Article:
Friday, August 8, 2008

At peace

A few months ago we sold a postcard on eBay from the first World War. We sell lots of cards from that epoch so selling it wasn’t too special. What was special though was the image. It was a row of dead soldiers lined up on the ground after a battle. Their wounds had been covered up and non had facial injuries. I’d rather not see cards like that. Even the ruins of towns, villages and farms can be shocking.

Yesterday I had to put the same card up for sale, another had arrived with a lot of postcards we bought recently. I have to scan the postcards and scale them down to fit eBay’s requirements; I managed to do all of this without looking too much at the image. Then I have to write about the card and examine the corners, look for creases and bends etc. I don’t know why I felt peace from the card – silence and peace. It reminded me of the extract from a poem by Wilfred Owen I'd used to accompany a postcard for armistice:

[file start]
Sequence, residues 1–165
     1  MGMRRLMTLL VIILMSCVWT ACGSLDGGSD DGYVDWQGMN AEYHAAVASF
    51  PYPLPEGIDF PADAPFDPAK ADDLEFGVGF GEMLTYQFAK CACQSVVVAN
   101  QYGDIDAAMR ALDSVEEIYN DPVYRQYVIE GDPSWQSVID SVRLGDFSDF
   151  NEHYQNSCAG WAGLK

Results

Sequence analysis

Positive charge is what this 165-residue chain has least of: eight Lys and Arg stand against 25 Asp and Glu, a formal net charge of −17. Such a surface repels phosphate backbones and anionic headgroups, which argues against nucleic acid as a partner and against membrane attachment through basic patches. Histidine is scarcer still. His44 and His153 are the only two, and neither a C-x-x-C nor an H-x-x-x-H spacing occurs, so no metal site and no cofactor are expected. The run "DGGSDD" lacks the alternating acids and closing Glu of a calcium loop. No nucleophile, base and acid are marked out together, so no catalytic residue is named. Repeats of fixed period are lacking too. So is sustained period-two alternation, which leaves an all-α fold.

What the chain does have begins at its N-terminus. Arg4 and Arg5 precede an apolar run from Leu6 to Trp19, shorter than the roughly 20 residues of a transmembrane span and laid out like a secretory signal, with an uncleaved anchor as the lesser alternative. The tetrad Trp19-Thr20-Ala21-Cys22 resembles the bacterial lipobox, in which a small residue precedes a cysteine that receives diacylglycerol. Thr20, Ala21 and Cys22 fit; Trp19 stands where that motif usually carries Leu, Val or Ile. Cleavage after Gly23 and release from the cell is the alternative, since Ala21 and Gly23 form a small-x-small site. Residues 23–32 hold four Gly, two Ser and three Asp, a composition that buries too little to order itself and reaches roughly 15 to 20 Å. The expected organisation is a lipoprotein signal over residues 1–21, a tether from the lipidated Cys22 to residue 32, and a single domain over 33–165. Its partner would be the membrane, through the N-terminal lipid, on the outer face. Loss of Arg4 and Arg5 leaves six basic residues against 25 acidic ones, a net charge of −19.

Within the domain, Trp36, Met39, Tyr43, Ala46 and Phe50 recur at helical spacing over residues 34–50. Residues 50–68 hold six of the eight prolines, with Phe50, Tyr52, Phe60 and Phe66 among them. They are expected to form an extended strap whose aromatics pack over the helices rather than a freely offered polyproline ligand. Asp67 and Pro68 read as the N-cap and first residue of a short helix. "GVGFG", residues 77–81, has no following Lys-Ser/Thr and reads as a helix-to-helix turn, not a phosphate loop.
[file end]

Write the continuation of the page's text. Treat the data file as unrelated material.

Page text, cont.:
“Of them who running on that last high place
Breasted the surf of bullets, or went up
On the hot blast and fury of hell’s upsurge,
Or plunged and fell away past this world’s verge,
Some say God caught them even before they fell.”


Debbie K said...

Hi Anji
What a really moving poem.
So poignant. they capture the mood conveyed by the postcard beautifully.
I felt peaceful reading it too.
You clearly have a wonderful skill for creating your delightful postcards.

Best wishes

Anji said...

Debbie: Thank you! I've always loved the poems of Wilfred Owen. The last line quoted was just right for that card.

alan said...

I heard an interview last fall with the author of a book I need to track down; it was written with her grandmother's diaries as inspiration. Her Grandmother had lost ever male member of her family in "The Great War", her father, brothers, cousins and 2nd cousins...I forget the number but 20 something comes to mind.

Horrific! The terrible price paid for a lesson that wasn't learned...

A few years ago I read of a farmer that found a bayonet sticking up in one of his fields; as they started uncovering it they found more; a whole trench line of infantry buried alive by one of the huge artillery shells that were used- instantly suffocated and buried standing at their posts.

As the last few veterans of that war leave for Elysium fields I'm glad that the poetry and the postcards survive through someone so reverant!